FlamesNation mailbag: one week ’til the deadline and still no clarity

We’re almost exactly one week away from the 2020 National Hockey League trade deadline. By 1 p.m. MT on Mon., Feb. 24, the Flames will need to make a decision about whether to push their chips to the center of the table and go all-in… or to stand pat.

And the team’s recent play hasn’t really made the correct decision any clearer.

Let’s dive into the mailbag!

Is it the top priority? Probably not. The top priority would probably be a right shot forward who can play somewhere on the top three lines, ideally with some term left on their deal. But the level of priority of acquiring a blueliner probably depends on whether the Flames think they’ll have Mark Giordano, Travis Hamonic or even Juuso Valimaki available anytime soon.

No disrespect to him, as he’s trying very hard, but Michael Stone is a very reliable third pair defender who is playing much more than he usually does. And it’s showing. His time on ice since Giordano’s injury has been as follows: 12:25, 21:15, 20:22, 20:48, 18:42 and 19:22. That’s a lot, and it’s expecting too much to ramp up his ice-time and expect his performance not to suffer.

But he’s playing this much because the Flames don’t have enough depth for him to not have to. Acquiring a depth defender to ease the burden a bit could be in the cards if Giordano and/or Hamonic are out into early March.

New Tampa Bay forward Blake Coleman is a left shot forward with pretty reliable production and a deal with a year left on it with a $1.8 million cap hit. He’s easy to fit under the cap for basically every NHL team, so it’s easy to get a bidding war going (and that’s presumably what happened for New Jersey to land a first round pick and a good prospect).

The Flames pending UFAs all have zero years remaining. None of them have particularly low cap hits. And while New Jersey’s goal right now is to bottom out, maximize their draft picks and then rebuild in a hurry, the Flames seem to be set on battling for a playoff spot to the bitter end and then dealing with the fallout in the off-season.

In short? No, it’s probably not prudent for the Flames to sell off their expiring deals for scraps given what it seems like their goals are right now.

Theo Fleury was one of the best players in Flames franchise history. He’s among the all-time franchise leaders in games (5th), goals (2nd), assists (3rd), points (2nd) and penalty minutes (5th). But all due respect to him, but he was at times really hard to deal with and probably left some people with hurt feelings when all was said and done. (Read his book, Playing with Fire, for Fleury’s own full accounting of how off his gourd he was at times during his playing career.)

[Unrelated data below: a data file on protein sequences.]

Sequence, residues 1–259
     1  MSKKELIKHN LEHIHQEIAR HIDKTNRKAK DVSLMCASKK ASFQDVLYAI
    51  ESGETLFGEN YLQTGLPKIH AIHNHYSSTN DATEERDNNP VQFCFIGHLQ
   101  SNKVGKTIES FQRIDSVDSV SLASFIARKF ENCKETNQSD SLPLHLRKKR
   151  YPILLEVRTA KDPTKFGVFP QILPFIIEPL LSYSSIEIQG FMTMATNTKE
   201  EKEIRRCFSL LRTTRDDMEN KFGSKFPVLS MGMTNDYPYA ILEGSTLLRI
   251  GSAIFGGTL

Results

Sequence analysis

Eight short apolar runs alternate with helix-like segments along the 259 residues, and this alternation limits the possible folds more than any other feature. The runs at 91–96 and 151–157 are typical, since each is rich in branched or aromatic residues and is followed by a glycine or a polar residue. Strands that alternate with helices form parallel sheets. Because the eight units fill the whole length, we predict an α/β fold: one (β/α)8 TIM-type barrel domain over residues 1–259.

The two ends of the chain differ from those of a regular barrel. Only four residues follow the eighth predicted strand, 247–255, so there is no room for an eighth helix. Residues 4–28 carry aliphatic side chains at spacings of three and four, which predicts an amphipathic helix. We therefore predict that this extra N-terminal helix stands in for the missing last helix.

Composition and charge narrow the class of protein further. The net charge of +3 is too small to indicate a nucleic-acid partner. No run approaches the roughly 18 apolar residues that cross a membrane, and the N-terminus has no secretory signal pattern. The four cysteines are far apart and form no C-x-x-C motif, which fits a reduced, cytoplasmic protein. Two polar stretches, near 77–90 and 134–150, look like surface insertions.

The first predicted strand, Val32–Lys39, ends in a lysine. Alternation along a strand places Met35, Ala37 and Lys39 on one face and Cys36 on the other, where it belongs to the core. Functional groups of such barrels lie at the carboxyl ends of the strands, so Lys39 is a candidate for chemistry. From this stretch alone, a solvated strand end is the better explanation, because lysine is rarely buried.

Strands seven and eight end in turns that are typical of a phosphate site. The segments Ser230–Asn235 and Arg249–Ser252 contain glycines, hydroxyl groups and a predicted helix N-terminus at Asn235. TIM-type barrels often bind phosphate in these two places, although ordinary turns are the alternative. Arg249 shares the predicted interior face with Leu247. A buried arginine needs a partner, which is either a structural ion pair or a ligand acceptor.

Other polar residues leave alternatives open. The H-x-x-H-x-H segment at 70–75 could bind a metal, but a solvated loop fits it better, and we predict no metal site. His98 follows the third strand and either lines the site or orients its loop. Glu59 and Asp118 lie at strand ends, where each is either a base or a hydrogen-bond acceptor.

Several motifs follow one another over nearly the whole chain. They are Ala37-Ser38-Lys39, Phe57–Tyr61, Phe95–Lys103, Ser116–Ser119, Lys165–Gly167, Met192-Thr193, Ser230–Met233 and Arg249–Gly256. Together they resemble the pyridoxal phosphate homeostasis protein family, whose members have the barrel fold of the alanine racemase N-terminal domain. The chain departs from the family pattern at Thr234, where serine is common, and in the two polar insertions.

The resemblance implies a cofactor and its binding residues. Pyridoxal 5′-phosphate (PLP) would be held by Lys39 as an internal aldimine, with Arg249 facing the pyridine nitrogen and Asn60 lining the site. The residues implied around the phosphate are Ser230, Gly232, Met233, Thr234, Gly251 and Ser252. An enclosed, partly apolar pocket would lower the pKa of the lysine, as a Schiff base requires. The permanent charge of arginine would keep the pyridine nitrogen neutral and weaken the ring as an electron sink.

He’s done a great job getting his life on track after his playing career ended, but – and this part is entirely my speculation – he’s still got a bit of work to do rebuilding the relationships that need to be in a good place for his number to go up. Remember: if your banner is up there, it’s up there forever and the powers-that-be need to feel comfortable that everyone with a retired number will represent the Flames organization the way they want it represented.

There’s a saying that I love: you are what you repeatedly do. The Flames have been pretty inconsistent since, well, the 2019 All-Star Break. Dating back to then, the Flames are 47-36-8 (a .560 points percentage) and have a goal differential of +2. They’re 15th overall over their past 94 games, the textbook definition of a middling team.

You are what you repeatedly do. Dating back almost 100 games, the Flames are a middle of the road team that’s shown flashes of supreme greatness and also allowed eight goals against Edmonton and Chicago.

Yes I would, @daveharvey74.

A lot of it depends on what happens to the composition of the team. Right now, Geoff Ward works because he’s pretty stylistically similar to Bill Peters – the goal, most likely, was to use a familiar face to calm things down given all the chaos around the group and just let them focus on playing. If nothing else he’s a caretaker coach whose goal is to get to the end of the season and allow management to figure out what, if any, changes they want to make.

If there are minor tweaks, Ward will be a contender for the full gig I would imagine. But if Brad Treliving takes a machete to the roster and has a different playing style in mind, you could easily see a new coach more accustomed to a different style brought in to run things.